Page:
Well, hello there! Let me introduce myself. I am Eeyore.
I can’t remember a time when I wasn’t. For as long as I can remember, I simply thought that this was WHO I AM. I didn’t realize it was a “treatable thing”; a real form of depression. The reason I didn’t identify it as depression was because depression’s “symptoms” were always started with “change in…” or “change from…” My appetite had never changed for better or worse, because it had always “been”. I never stopped being “as interested” in my hobbies because I had never truly be interested in them in the first place. It was just something to pass the time. It was who I was. It was a fault inside myself, I thought. It was my personality. I was just “born this way”.
In my research (again, because I’m that kind-of girl), I found this site. I was floored when I read this:
Dysthymia also has some symptoms that may not occur with major depression. The hallmark of dysthymia is the length of time that it persists. In adults, dysthymia is diagnosed when the symptoms continue for two or more years; in children or teens, the symptoms last for a year or more. You probably won’t have the symptoms every day. You may feel good for a few days or even a month at a stretch, but the symptoms always come back. This particular characteristic of dysthymia contributes to the perception that this is “just the way I am.”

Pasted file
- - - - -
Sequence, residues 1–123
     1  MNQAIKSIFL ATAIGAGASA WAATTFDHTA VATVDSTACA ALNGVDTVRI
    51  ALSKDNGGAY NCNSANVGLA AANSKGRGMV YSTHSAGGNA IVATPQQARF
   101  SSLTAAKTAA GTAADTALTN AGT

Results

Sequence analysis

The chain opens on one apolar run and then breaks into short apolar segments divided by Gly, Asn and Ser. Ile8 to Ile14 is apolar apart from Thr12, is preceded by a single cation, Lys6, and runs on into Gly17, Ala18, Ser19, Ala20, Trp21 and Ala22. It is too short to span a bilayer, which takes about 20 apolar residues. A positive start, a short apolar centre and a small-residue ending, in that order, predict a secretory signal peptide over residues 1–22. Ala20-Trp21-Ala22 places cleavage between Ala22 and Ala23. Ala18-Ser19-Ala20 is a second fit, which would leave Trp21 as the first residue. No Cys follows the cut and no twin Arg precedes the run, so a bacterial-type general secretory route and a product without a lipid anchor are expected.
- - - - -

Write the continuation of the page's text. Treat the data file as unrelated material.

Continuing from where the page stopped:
Isn’t that what I just said above? It’s just the way I am!
It was as if the heavens broke open and sunshine streamed down and angels played harps and choruses of beautiful voices were humming. Yeah, not really, but it was very validating!
Dysthymia itself, because it often goes untreated, creates perceptions and beliefs that are not in line with reality. We may think people dislike us or are judging us, we are often sensitive to rejection, and we think we are not good at what we do. Beyond the help that medications for depression can give us, talking to a mental health professional can help us overcome these often long-standing ideas we have about ourselves and the world.
I cannot express how HAPPY I have become through both medication and talk therapy. Like a defective typewriter, I have to reprogram myself to hit a certain “key” that is more positive and upbeat rather than depending on my habitual touch-typing the negativity every minute of the day. Repetition. Hit the A key instead of the X key. A not X. A not X. When you have touch-typed for so long, it is hard to change the habit. But not impossible.
I haven’t done a complete turn-around. But there HAS been progress. I feel it. I am finding myself more and more happy with who I am… what I’m doing… and life in general. Color is returning to my world. Most of all, I feel more inner peace. All of which will allow me to really ENJOY this ride through life.
“Life is not a journey to the grave with the intention of arriving safely in a pretty and well-preserved body, but rather to skid in broadside, thoroughly used up, totally worn out, and loudly proclaiming, ‘Wow! What a ride!'”